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Another “The End” post for Sidey’s weekend theme.  This one is a story of my theoretical genius Dad and my practical genius Mom.  Guess who wins?

My Dad was a wonderful man.  He had his quirks, however.  I think I’ve written before that I once saw a tee-shirt caption that would have been perfect for my Dad – wish he had lived long enough for me to give one to him!  It said, “Does anal-retentive have a hyphen?” 

Anyway, on to a wonderful characteristic.  If my Mom was ever sick – fortunately for her she almost never was, and most times even if she was, she would never admit it – Dad always wanted to step in and help her out around the house.  He decided to do the laundry for her one day.

Dad did a lot of outdoor work, as well as work in his woodworking shop in the basement.  He made beautiful things of wood.  He also got his work clothes quite dirty.  Good man that he was, he stepped in for Mom and decided to do the laundry.  First of all, he figured that since everything he put into the washing machine had already been washed numerous times before, he didn’t really need to separate the colors from the lights and whites. (My hubs accuses me of doing the same thing on purpose – but really – he only gets pink underwear if one of my pairs of red panties hides in among his undershirts!)

Now, Dad also figured that owing to how dirty the clothes that he was laundering were, they needed bleach.  Good old-fashioned full-strength Clorox.  One problem, though, was that he didn’t “figure” that until he had already loaded the clothes, the detergent, and the water was in the process if filling the washer’s tub.  “Oh, well” thought he, “I’ll just add it in now.  No big deal.” So rather than using the bleach dispenser located on the side of the machine that is made to mix in with the water as it fills the machine, he just poured it in – liberally (remember, it was DIRTY!) – right on top of the as-yet-to-be moistened clothes.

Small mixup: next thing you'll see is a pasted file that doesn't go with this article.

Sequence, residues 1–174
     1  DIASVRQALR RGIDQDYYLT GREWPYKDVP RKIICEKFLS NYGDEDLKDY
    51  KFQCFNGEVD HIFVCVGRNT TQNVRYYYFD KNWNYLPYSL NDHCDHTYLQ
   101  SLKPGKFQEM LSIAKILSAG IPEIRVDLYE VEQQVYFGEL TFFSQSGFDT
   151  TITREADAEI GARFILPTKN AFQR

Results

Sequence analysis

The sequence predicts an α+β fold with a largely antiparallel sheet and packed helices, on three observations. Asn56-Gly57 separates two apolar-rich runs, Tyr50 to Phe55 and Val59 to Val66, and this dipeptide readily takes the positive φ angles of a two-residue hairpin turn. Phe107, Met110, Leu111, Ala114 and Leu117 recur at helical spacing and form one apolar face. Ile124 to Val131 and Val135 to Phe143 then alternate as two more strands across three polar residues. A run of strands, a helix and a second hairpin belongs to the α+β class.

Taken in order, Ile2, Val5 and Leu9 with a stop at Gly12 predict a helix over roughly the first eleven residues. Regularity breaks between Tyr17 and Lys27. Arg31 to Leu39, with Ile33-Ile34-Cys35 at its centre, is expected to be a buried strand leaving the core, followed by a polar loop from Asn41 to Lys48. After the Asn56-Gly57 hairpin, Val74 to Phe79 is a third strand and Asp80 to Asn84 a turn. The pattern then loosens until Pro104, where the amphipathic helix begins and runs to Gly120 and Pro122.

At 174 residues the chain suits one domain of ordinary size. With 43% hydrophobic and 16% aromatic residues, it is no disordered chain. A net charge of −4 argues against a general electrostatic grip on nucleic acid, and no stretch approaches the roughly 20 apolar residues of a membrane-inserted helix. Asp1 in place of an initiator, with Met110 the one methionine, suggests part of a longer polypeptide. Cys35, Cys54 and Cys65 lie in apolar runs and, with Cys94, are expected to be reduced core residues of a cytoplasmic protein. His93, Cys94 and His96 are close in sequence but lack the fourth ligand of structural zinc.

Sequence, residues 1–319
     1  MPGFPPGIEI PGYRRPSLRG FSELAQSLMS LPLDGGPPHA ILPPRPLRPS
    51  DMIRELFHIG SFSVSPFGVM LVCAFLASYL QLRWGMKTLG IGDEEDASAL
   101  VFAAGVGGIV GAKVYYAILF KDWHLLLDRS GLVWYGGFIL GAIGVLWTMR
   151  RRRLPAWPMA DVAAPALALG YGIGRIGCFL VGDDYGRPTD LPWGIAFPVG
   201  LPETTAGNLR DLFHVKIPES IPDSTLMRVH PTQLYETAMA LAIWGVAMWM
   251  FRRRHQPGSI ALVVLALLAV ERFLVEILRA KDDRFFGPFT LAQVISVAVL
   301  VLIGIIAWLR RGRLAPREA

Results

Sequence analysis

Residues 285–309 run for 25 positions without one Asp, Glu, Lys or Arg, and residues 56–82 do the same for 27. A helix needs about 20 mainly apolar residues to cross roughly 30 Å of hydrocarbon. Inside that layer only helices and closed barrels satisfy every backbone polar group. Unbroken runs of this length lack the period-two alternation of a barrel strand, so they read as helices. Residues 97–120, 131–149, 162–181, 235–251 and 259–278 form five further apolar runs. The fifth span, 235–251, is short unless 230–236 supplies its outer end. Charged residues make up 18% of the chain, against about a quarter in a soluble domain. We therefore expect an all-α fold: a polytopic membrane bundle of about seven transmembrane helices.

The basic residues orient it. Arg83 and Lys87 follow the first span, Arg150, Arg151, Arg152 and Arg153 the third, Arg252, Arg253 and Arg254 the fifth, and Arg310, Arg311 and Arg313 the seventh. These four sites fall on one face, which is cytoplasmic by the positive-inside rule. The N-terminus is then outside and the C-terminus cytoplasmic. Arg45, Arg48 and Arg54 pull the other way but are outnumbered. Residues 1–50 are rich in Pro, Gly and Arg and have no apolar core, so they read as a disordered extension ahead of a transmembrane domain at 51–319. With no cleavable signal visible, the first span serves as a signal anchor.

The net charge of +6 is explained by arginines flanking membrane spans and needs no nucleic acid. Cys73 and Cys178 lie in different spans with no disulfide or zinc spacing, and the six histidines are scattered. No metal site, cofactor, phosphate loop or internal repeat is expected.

Considering the year in which this happened – somewhere around 1968 or 1967 – the tie-dyed look was rather in, so he didn’t stand out too much when his navy work shirt had such lovely random white spots all over it.  Besides, it matched the two pairs of navy work pants he had also washed at the same time. I don’t believe that much else in the load that day survived the fate of the “rag pile,” although my memory is a bit hazy on that score.

Dad was rather embarrassed about the whole thing, and apologetic.  My Mom just sighed and gave him a pat on the back.  After all, he had tried, God love him! However, on one thing they differed.  Daddy wanted to put all the tie-dyed clothes in the rag pile.  Mom did not.  She insisted, quite rightly, that his newly designed shirt and pants were still perfectly useful for wearing in his basement shop and outside for yard work.  If he needed to make a quick run to the store while wearing them, it was his choice to either change his clothes, or wear what he had on.  The hardware store he was most likely to be visiting would probably be patronized by men almost exclusively (remember, this was the 60’s), and they either wouldn’t notice, or would be wearing clothes by the same designer.

After Mom recovered from whatever ailment had caused Dad to do the laundry, she was down in the basement taking over those duties once again.  She noticed in the rag pile a pair of the tie-dyed navy work pants, and, exasperated, pulled them out and presented them to Dad that evening when he returned from work.  “Max, I told you these pants are still perfectly suitable for work clothes, and need not be disposed of.” “But, Pearl!  you have not examined that pair thoroughly enough.  If you check the zipper, you will notice that the tab has come off of it, making it impossible to zip them up.  I might go around with my fly open in the shop, but not in public, thank you very much!” Dad righteously replied.  “Max,” Mom retorted, “did it ever occur to you that the zipper could be repaired?”  “That would mean you would have to purchase a zipper of the correct length, rip the broken one out, and then sew in the new one.  That is an awful lot of work to go through just for a pair of old, damaged work pants,” Dad told her.  Mom just looked at him for a few moments, and just before walking away, said “We’ll see.”

As that conversation had happened on a Friday, the following morning Dad got up and went to don his work clothes.  He had some orders for sculpture bases due, and he needed to get to his basement shop early. In the drawer, he found a familiar-looking pair of “tie-dyed” navy work pants.  He was about to make another issue of the broken zipper when he looked down at the fly and noticed a rather ingenious “fix.”  Since the tab on the zipper was missing, and she had never seen replacement zipper-tabs available in any store, Mom had simply found an old small paper-clip, and threaded it through the part of the zipper to which the tab had been attached.  It was a perfect substitute, and worked very well until the day the pants came truly to the end of their useful life – except as a rag, of course.

So, now!  You tell me:  who won that battle of ingenuity?  No contest in my book.  Mom couldn’t (or wouldn’t) calculate the square root of 397.24 in her head, but by golly, from a practical standpoint, Mom was genius enough. . . And as long as he lived, my Dad always counted himself among the men through whose wives God had blessed with all the abundance of enough. . .

Zip-clip

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